Air Service in Paducah & the EAS Program
When Delta Airlines announced in 2009 that they were ending service to Memphis from Paducah, it potentially signaled the end of commercial air service in Paducah.The saving grace for Barkley came in the form of a Department of Transportation (DOT) program, called the Essential Air Service Program (EAS). This program, in place since 1978 was started in an effort to make sure small communities were still able to have commercial airline service.
Without getting lost in the particulars, through the program, the DOT subsidizes air service for a single airline between a small community and a medium or large size hub, up to 13 flights per week, allowing up to 5% profit, as opposed to a loss without subsidy.
The requirements that a community/ airline has to meet to be eligible for the program include :
A) The community had air service in 1978, when the program was enacted.
B) The small community is more than 200 air miles or more from a medium or large hub.
B) The subsidy cost is less than $200/ ticket.
Obviously Paducah met all the requirements, so we were eligible and guaranteed at least 70 seats per day to/from a medium or large sized hub.
For the program, the DOT publishes a request for bids from airlines wishing to provide subsidized service to a small community. Interested airlines submit bids on the amount of subsidy they would require to provide the service, the hub they would serve, the type of aircraft they would use. It is important to note that all of these options are up to the airline, the community has no voice in which hub is served. And in fact airlines aren’t required to submit a bid.
Once the deadline for proposals comes, each city is given a chance to review the proposals, and offer their comments and recommendations to the DOT on the service they prefer, but the department, not the community makes the final decision and awards the contract to an airline.
In our case, SkyWest Airlines bid the 50-seat CRJ-200 service to Chicago, for United Express, and they were the only airline to bid service. They were awarded the contract and on Feb. 10, 2010 they began service, which continues today. Our subsidy is the 8th lowest in the country, at $47/ticket. Which means if it weren’t for EAS, your ticket would cost roughly $50 more.
Over the last 6+ years they have still been the only airline to bid Paducah, and re-awarded each time, due in large part to the growth the service has seen. The first contract they projected to carry 35,000 passengers each of the 2 years. In their current contract, which expires Jan. 31, 2018, they projected to carry 42,000. In 2015 we carried 42,243. Our next contract will be put out for bids this summer.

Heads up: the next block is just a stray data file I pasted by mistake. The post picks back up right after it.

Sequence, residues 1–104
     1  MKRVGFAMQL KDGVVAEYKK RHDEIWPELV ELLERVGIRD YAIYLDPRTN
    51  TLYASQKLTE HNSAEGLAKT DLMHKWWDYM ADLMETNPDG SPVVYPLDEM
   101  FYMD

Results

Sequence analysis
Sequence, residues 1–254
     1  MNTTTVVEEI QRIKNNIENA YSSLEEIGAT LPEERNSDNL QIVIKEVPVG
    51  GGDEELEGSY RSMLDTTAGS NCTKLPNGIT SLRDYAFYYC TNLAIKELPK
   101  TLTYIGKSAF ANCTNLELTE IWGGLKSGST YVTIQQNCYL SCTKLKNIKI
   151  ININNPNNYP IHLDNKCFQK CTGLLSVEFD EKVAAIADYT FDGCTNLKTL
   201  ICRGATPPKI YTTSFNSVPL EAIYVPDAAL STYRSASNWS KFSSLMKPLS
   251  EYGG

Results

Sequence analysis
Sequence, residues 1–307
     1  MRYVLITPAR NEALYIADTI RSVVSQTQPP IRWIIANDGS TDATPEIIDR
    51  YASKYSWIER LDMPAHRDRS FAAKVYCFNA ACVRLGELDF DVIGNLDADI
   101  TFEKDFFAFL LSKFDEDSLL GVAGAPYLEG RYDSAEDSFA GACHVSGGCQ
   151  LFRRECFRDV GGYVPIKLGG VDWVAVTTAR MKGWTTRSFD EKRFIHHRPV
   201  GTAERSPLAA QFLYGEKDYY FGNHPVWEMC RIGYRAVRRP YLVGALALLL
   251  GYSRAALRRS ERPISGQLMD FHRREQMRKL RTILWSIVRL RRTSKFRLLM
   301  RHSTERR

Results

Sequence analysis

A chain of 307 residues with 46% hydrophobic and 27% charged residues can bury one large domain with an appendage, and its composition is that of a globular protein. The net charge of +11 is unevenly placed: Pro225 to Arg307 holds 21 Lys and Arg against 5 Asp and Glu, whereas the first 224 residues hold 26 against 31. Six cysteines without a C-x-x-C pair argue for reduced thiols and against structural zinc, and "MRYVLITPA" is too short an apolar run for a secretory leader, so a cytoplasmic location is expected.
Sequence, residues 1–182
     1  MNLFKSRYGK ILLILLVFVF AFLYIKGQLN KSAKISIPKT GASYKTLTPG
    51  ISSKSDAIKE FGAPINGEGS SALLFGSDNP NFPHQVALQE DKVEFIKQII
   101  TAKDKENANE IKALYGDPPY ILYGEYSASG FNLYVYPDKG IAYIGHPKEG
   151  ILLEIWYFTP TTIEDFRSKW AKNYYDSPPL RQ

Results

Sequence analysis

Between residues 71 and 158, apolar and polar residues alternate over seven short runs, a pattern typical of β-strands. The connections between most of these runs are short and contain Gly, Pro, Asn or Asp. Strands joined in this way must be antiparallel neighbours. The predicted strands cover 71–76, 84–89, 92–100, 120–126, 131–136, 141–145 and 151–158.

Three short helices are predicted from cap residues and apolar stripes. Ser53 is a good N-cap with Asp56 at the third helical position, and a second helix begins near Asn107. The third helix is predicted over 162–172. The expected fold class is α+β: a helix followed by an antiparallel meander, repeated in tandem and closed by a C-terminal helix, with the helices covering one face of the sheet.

One thing you should know, is that the airline is only paid based on the number of completed flights, so its not an automatic payment. If a flight is canceled, the airline doesn’t see any money. So it is in SkyWest’s best interest to fly as many flights, as possibile.
In our region 3 other airports have service through the EAS program.
Cape Girardeau, MO – Cape Air 9-seat Cessna Caravan service to St. Louis.
Marion, IL – Cape Air 9-seat Cessna Caravan service to St. Louis.
Owensboro, KY – Cape Air 9-seat Cessna Caravan service to St. Louis.
Again, it is important to note that the airline chooses the hub that it offers service to; it is not a matter of the city asking for service to a particular city.
While we are constantly looking at ways to enhance the air service we have, the challenges of both EAS, and the available options make it challenging. Each year we have meetings with different airlines about serving Paducah and while nothing beyond putting us on an airline’s radar has happened beyond those conversations, it still doesn’t stop us from trying.
We have even talked to SkyWest/United Express about what we would need to have to add a flight to Chicago, or perhaps another city, like Houston, where they and United have hubs, but even that is a risky proposition for us to some extent.
You see, if we were to ever to have air service from any carrier including SkyWest, that would render us ineligible for the EAS program, we could never go back on it.This could potentially leave Paducah without commercial air service to ANYWHERE.
That said, there are still options for other airlines to come in and offer non-daily or seasonal service, or service with fewer than 70 available seats, but those opportunities are also fewer and farther between, since no airline is willing to take a risk on an losing route. But rest assured we will keep looking. Otherwise we hope this brief summary on EAS has helped you understand why we have the service we do, and the challenges and risks we face with it.
We hope by reading this you will better understand why we have the service we have. We will address possible options for change more in future posts but we felt this basic understanding would be most helpful when we discuss other topics going forward.